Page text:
Investing in an eye-catching book cover

This post is the fortieth in a series about writing a novel. You can check out the list of past topics at the end of this post.

Last week, I discussed two components of your book cover – the title and your author name (and whether a pen name would be beneficial.) Today, I want to cover the designing of your book cover.

The cover of your book is probably one of the most important decisions you will make. It doesn’t matter if you have a great story if no one is willing to pick up the book or in the case of e-books, click on the image. The cover is the first thing your readers see and is where they decide if your book is worth their time to even read the book description.

Things you want in a cover:

  • Simple, easy to understand
  • Having an impact or something that grabs the reader’s attention
  • If it is for an e-book, make sure it looks good at thumbnail size.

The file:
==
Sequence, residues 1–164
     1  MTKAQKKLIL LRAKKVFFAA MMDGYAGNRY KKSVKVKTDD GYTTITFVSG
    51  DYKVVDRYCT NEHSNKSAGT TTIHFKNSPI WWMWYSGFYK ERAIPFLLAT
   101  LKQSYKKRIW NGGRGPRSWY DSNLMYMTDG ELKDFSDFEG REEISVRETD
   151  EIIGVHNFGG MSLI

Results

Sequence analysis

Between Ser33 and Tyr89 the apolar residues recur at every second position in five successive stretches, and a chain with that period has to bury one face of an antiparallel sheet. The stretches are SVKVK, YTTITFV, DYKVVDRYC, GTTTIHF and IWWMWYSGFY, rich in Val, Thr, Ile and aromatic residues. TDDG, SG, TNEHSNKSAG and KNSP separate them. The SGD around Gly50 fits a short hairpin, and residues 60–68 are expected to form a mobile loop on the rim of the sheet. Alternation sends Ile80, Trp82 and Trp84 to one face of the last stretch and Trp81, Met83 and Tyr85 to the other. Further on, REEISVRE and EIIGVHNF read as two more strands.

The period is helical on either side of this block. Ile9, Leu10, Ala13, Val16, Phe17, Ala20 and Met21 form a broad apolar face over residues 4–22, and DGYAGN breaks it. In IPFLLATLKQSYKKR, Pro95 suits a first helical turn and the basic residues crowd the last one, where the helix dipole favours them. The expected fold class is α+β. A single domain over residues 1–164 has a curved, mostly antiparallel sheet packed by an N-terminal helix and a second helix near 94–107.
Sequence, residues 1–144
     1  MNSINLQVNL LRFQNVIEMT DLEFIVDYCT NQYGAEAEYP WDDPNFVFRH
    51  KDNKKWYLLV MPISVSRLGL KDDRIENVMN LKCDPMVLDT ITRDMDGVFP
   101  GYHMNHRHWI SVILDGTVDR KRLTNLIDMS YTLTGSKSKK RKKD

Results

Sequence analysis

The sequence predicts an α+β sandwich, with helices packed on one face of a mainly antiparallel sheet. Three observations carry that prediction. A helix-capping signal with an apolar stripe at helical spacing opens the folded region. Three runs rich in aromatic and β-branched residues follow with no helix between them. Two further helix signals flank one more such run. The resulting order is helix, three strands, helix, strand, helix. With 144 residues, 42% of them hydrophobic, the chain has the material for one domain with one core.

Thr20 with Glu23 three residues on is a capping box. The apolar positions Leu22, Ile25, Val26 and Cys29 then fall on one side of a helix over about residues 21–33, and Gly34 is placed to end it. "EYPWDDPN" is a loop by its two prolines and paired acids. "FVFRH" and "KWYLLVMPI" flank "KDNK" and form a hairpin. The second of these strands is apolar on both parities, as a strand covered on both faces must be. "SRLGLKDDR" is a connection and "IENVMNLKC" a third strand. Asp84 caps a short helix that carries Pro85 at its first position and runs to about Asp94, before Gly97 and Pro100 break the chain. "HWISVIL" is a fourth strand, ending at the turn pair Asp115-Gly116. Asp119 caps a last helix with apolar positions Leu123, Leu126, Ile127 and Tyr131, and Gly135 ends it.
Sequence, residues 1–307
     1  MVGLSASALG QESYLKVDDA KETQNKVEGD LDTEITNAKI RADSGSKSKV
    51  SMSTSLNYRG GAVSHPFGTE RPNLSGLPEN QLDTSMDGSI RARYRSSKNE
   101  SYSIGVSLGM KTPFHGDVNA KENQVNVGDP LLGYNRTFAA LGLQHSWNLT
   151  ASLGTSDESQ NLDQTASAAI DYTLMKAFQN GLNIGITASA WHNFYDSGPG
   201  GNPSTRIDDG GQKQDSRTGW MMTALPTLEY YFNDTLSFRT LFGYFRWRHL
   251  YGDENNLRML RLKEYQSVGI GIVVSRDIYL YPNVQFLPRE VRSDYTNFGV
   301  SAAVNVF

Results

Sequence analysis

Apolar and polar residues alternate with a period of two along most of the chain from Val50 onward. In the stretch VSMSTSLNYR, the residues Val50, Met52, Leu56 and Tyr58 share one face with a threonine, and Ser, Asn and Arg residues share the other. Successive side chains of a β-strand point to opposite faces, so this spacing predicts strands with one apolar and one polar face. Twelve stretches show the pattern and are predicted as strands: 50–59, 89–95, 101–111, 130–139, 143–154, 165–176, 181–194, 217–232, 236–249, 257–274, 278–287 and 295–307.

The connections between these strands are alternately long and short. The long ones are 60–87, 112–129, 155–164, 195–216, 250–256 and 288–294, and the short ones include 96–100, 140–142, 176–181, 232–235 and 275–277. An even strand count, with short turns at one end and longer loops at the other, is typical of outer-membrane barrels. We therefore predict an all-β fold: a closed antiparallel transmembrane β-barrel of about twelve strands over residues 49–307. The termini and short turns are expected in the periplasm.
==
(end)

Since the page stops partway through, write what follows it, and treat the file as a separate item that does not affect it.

Things to avoid:

  • Too many things on the cover/clutter
  • Bad layout where title and author names are in bad location or size. (If you are famous, your name could be bigger than the title but typically you want the title to stand out more than your name.)

Now you may already have an idea about what you want on your cover, but if not, you may want to visit a book store or browse Amazon to see what style of cover grabs your attention.

If you have the resources and the know-how, there is nothing wrong with creating your own cover if it looks professional and is eye-catching. But most authors are better off if they let an expect design their cover. There are a variety of different designers out there offering a wide variety of cover designs.

To find a list of cover designers, check out this list on Smashwords. From there, you can look at each designer’s portfolio and pricing. (Some of the more popular ones have really long wait lists for covers!) The process will go easier if you have an idea of what you want on your cover,  but if you have no clue, most designers will be able to show you a few options based on your story synopsis or sample chapters.

Unless you are going to pay someone to draw your cover, most designers are going to be working with graphics and stock photos. If you want an idea of what is out there, check out stock photo sites such as istockphotodreamstime and bigstockphoto.